It was the great Carl Sagan who said: "If you wish to make an apple pie from scratch, you must first invent the universe." And let's not forget in that universe, you and I are nothing more than specks of dust dancing around, sometimes bumping into one another, often times drifting our own separate ways. What unites us all is the purpose of legacy--that which imprints our presence on the lives left behind.
Each and every one of us leaves a trace, be it the lives of our children, a stubborn patch of earth lovingly tended into a garden, or even our nascent words or music brought to life on a page. Try as I might, it's impossible for me to ignore my inheritance, the gnarl of an index finger, but a vestige of my mother, the nervous tick of rubbing my brow, none other than a direct legacy of my father.
There are those things too, that we take with us--we dare not leave them behind. Some are too precious to release from our grasp; others too unspeakable to be breathed into words; and still others left unbirthed and uncharted, from a life unfulfilled.
All of this has got me thinking about my legacy and how I would choose to craft it. I've divided it into three things I want buried with me, three things I want to leave behind, and three words I want engraved on my headstone.
I'm sure you've heard the expression, "You can't take it with you." Well, that might be the case, but selfish as it may be, there are a few worldly possessions I don't want to let go of. My one-year medallion from Alcoholics Anonymous means so much more to me than to anyone else who finds it in their possession. When I received it 17 years ago, I remember the weight of it in my hand and feeling so upset because they had engraved the incorrect spelling of my name.
All these years later, I see the beauty in that imperfection, and how it has come to define my life in sobriety. The second item I would like to take with me is my finisher's medal from the Comrades Marathon in South Africa. To this day, I'm still in awe at the amount of courage it took for me to step completely out of my comfort zone and head halfway across the world to run 89 km up and down the unrelenting terrain of South Africa. The final item I want to take with me to my grave is my pettiness that has been my undoing on so many occasions in my life--the world would be a much better place with less of that negativity left to linger.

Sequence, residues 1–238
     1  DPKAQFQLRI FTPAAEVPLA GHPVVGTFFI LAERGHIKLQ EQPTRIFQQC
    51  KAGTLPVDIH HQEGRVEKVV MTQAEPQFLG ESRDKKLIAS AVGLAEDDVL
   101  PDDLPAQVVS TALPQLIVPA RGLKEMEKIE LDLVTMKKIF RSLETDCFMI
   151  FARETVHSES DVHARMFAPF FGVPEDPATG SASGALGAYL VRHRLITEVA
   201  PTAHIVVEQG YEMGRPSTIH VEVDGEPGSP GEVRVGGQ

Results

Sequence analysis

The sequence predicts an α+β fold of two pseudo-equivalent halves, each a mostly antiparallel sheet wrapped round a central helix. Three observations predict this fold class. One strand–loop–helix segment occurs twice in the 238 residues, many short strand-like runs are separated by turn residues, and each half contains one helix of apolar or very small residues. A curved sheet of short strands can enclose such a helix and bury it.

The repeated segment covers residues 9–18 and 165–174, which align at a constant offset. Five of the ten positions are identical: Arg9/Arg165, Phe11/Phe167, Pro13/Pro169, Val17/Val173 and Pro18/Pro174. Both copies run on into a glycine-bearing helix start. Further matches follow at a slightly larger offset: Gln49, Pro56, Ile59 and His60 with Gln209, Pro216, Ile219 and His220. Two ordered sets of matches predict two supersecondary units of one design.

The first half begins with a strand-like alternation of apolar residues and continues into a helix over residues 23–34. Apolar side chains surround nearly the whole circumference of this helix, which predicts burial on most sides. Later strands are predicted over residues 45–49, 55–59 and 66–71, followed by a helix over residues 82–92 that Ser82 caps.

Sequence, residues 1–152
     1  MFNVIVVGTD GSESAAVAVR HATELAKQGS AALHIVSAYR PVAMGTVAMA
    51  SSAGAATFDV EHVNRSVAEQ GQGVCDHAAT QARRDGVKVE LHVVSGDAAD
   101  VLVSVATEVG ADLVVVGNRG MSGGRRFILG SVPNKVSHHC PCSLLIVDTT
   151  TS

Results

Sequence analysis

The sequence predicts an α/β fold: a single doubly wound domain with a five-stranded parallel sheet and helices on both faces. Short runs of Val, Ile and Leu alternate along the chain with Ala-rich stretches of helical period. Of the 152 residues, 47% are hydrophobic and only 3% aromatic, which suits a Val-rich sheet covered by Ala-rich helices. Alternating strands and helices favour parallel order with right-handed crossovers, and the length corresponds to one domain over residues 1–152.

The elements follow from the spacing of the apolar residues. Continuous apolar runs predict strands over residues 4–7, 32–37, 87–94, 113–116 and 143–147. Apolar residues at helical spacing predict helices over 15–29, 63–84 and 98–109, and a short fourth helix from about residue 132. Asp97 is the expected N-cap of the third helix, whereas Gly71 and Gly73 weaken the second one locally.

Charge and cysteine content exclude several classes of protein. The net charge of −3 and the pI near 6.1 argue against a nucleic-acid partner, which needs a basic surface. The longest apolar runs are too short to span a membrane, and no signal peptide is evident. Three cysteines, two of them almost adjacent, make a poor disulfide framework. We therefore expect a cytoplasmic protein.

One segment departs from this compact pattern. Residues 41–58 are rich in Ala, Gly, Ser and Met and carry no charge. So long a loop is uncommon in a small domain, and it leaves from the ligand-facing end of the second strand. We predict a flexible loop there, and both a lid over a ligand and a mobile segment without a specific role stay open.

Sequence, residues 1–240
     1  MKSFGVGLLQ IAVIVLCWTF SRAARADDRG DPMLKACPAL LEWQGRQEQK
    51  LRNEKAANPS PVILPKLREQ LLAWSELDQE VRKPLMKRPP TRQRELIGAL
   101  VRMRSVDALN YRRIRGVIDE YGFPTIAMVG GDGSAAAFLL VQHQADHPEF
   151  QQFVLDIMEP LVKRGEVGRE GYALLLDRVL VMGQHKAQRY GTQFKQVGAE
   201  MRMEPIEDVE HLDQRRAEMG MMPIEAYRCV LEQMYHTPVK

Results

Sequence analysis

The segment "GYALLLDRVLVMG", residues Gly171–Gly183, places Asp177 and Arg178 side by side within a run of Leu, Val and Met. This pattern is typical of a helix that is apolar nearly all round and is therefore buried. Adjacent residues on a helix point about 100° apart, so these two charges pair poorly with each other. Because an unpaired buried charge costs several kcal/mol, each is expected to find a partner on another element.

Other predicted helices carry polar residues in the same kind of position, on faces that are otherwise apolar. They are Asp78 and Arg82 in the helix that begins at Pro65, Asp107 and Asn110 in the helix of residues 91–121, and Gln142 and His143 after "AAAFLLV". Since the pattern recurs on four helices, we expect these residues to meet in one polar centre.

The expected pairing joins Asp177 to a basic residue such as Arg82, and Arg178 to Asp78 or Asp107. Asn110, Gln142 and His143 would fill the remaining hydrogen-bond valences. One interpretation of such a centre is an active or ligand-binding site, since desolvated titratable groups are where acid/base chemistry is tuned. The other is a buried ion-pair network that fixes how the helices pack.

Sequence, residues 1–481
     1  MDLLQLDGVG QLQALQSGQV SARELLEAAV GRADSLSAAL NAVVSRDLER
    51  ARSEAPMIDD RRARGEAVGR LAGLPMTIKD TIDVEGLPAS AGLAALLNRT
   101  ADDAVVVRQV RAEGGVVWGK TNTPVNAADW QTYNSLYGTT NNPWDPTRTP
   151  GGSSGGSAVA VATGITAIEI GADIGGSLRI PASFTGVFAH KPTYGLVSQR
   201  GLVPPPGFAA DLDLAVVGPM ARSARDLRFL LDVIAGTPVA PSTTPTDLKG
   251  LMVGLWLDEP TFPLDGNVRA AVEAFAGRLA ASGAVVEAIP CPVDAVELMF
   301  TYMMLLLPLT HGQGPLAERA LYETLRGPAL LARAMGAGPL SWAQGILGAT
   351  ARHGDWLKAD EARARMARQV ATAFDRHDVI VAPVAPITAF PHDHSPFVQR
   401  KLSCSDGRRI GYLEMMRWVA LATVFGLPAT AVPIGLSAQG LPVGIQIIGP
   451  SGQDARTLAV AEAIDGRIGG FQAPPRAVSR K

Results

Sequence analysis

I had a much harder time deciding what three things I'd choose to leave behind. My first choice would be my wedding ring, and my hope is that it finds its way to my son. To me this little band signifies all the valleys my wife and I have climbed out of and all the mountain peaks we have reached together. The best advice I could give my son is to not find a partner who "completes you", but rather, find someone who helps you "find yourself."
My second choice to leave behind is my depth of strength that comes from being a survivor. I honestly believe that in this life, we are only given what we can manage. There are times when we feel that something is beyond us, but those are the times we mine the parts of us that make us superior to circumstance. The final thing I would leave behind is my sense of humor; albeit tinged with irreverence, it has buoyed me through some very tense moments throughout the years.
And last but not least are the three words I'd like engraved on my headstone. Every life is marked by two dates and a dash, the year we came in and the year we go out. Today, my life is all about "living the dash." The 3 words that anchor me to that dash are: gratitude, surrender, and resilience.
I invite you to find a quiet place, sit down, and craft your own list of three.Suggest a correction